Silene stellata
Starry campion
Image of Silene stellata

Photo by Stephen L. Solheim 

Key Characteristics

Small forb of forested banks, oak woodlands, and savannas; stems clustered and finely pubescent, bearing long-tapering lanceolate leaves in whorls of four; flowers white with 5 deeply fringed petals.

Status and Rank

  • State Status: T
  • State Rank: S2
  • Global Rank: G5

Occurrences

County NameNumber of OccurrencesYear Last Observed
Berrien42015
Branch11860
Calhoun11860
Cass52005
Hillsdale11860
Jackson11860
Kalamazoo51983
St. Joseph42014
Distribution map for Silene stellata

Updated 1/31/2017. Information is summarized from MNFI's database of rare species and community occurrences. Data may not reflect true distribution since much of the state has not been thoroughly surveyed.

Habitat

Starry campion occurs in dry, open woodlands on sandy soils, dry-mesic forest on or just above the upper margin of river floodplains, and savanna and prairie remnants in the southern Lower Peninsula.

Natural Community Types

Methodology

For each species, lists of natural communities were derived from review of the nearly 6,500 element occurrences in the MNFI database, in addition to herbarium label data for some taxa. In most cases, at least one specimen record exists for each listed natural community. For certain taxa, especially poorly collected or extirpated species of prairie and savanna habitats, natural community lists were derived from inferences from collection sites and habitat preferences in immediately adjacent states (particularly Indiana and Illinois). Natural communities are not listed for those species documented only from altered or ruderal habitats in Michigan, especially for taxa that occur in a variety of habitats outside of the state.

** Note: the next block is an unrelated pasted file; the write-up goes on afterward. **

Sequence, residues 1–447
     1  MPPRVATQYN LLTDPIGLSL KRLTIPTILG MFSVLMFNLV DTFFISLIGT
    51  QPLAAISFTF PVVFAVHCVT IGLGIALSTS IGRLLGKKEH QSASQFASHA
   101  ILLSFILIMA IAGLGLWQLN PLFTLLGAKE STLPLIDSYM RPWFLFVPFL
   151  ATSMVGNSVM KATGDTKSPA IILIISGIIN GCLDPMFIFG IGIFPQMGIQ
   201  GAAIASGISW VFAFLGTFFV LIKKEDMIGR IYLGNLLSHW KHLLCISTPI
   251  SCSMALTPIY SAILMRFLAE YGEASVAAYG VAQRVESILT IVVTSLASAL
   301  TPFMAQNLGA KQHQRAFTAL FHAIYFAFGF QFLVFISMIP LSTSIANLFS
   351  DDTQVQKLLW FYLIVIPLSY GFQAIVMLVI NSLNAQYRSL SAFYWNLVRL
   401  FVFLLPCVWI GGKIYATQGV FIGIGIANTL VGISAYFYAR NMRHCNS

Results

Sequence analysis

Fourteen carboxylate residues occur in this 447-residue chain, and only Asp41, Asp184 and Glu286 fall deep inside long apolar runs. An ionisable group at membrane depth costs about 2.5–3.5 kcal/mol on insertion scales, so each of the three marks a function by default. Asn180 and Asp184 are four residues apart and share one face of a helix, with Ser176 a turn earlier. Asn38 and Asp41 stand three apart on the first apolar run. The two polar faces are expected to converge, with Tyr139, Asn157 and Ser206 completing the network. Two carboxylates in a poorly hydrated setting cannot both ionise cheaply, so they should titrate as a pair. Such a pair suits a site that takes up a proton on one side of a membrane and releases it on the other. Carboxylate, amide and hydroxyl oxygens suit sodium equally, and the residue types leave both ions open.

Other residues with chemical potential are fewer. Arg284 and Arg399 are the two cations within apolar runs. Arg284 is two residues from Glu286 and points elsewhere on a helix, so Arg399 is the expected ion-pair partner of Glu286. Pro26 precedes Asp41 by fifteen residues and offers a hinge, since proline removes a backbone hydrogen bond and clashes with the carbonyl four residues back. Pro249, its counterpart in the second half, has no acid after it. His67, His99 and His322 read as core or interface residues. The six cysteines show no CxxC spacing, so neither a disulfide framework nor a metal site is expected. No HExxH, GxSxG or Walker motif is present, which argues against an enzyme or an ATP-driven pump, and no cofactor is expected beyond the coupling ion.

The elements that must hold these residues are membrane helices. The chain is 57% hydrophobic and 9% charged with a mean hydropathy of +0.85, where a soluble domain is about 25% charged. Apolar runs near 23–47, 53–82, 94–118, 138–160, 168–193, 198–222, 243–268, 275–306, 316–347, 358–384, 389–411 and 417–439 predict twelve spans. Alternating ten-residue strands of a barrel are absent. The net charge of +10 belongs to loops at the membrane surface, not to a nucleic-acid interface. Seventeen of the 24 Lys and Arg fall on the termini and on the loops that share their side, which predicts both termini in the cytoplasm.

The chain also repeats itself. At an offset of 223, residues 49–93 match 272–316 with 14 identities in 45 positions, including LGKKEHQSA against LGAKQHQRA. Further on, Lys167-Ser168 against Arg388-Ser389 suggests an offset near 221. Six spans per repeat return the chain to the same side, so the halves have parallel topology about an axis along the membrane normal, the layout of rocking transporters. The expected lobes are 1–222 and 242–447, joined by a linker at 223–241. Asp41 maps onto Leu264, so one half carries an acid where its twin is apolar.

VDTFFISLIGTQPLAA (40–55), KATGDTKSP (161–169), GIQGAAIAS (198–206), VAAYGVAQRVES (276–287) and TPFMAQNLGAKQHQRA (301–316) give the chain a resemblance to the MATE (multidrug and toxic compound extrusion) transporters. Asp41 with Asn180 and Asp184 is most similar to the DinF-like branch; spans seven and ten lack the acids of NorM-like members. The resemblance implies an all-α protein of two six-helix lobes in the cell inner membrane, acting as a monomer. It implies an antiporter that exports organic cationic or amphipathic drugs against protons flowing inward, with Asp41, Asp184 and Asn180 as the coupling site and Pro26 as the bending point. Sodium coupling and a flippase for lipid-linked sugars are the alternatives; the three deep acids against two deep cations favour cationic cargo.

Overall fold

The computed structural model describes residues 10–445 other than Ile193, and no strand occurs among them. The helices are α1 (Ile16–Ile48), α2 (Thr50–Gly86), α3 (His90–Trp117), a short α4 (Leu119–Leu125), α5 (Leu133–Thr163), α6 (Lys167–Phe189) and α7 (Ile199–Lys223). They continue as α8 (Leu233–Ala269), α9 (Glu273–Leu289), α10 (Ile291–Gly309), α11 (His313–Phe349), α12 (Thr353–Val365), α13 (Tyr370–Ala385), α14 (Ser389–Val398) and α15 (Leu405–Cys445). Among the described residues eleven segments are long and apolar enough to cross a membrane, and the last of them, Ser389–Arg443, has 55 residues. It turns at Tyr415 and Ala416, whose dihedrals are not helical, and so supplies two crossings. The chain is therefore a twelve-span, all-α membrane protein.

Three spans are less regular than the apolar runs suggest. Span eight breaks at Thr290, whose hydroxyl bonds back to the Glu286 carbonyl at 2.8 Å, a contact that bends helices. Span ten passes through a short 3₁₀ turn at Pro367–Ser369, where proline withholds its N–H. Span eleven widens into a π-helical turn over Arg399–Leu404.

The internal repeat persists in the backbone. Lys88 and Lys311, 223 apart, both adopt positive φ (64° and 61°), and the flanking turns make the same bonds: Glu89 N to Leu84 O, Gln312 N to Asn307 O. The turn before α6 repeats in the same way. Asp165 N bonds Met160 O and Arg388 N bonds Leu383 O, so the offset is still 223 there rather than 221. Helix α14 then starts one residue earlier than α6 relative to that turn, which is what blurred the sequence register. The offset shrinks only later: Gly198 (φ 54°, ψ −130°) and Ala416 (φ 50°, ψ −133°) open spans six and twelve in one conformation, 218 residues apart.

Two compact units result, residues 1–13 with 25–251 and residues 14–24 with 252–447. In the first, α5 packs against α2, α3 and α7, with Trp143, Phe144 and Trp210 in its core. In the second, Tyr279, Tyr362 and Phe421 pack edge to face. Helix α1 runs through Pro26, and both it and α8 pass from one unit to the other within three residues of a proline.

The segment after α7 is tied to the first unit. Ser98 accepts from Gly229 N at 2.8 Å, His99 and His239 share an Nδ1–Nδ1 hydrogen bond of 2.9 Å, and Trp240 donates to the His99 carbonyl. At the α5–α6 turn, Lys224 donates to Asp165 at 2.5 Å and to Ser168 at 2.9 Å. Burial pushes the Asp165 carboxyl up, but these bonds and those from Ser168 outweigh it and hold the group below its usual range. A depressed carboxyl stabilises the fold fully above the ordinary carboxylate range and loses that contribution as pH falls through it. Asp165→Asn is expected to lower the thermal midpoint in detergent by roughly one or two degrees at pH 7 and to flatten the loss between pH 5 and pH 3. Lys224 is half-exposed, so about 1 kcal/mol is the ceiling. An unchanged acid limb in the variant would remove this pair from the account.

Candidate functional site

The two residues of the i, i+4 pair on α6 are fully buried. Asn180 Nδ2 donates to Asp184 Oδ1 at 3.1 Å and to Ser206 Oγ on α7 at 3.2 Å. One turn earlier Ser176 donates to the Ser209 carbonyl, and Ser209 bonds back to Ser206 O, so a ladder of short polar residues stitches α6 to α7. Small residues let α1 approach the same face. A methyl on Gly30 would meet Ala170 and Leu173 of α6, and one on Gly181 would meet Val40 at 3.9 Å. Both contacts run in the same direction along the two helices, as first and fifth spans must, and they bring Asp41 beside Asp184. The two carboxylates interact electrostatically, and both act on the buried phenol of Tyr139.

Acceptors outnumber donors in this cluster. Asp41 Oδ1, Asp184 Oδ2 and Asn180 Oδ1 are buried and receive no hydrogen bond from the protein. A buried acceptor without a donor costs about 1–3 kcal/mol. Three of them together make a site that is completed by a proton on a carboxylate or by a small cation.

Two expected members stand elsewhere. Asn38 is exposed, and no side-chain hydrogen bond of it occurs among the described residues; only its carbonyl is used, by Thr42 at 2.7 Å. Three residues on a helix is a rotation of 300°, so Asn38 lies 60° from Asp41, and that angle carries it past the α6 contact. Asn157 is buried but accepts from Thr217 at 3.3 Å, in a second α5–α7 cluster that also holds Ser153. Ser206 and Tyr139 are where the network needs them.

Natural communities are not listed in order of frequency of occurrence, but are rather derived from the full set of natural communities, organized by Ecological Group. In many cases, the general habitat descriptions should provide greater clarity and direction to the surveyor. In future versions of the Rare Species Explorer, we hope to incorporate natural community fidelity ranks for each taxon.

Associated Plants

Pussy-toes, Pennsylvania sedge, tall bellflower, gray dogwood, black walnut, black cherry, bur oak, leadplant, heath aster, tall coreopsis, flowering spurge, yellow coneflower, and prairie dock.

Management

It is likely that fire suppression and subsequent canopy closure adversely affects this species. Prescribed fire and removal of excessive brush are likely beneficial activities.

General Survey Guidelines

Random meander search covers areas that appear likely to have rare taxa, based on habitat and the judgment of the investigator.

Survey Methods

Page Citation

Michigan Natural Features Inventory. 2007. Rare Species Explorer (Web Application). Available online at http://mnfi.anr.msu.edu/explorer [Accessed May 27, 2017]

References

Survey References

Technical References

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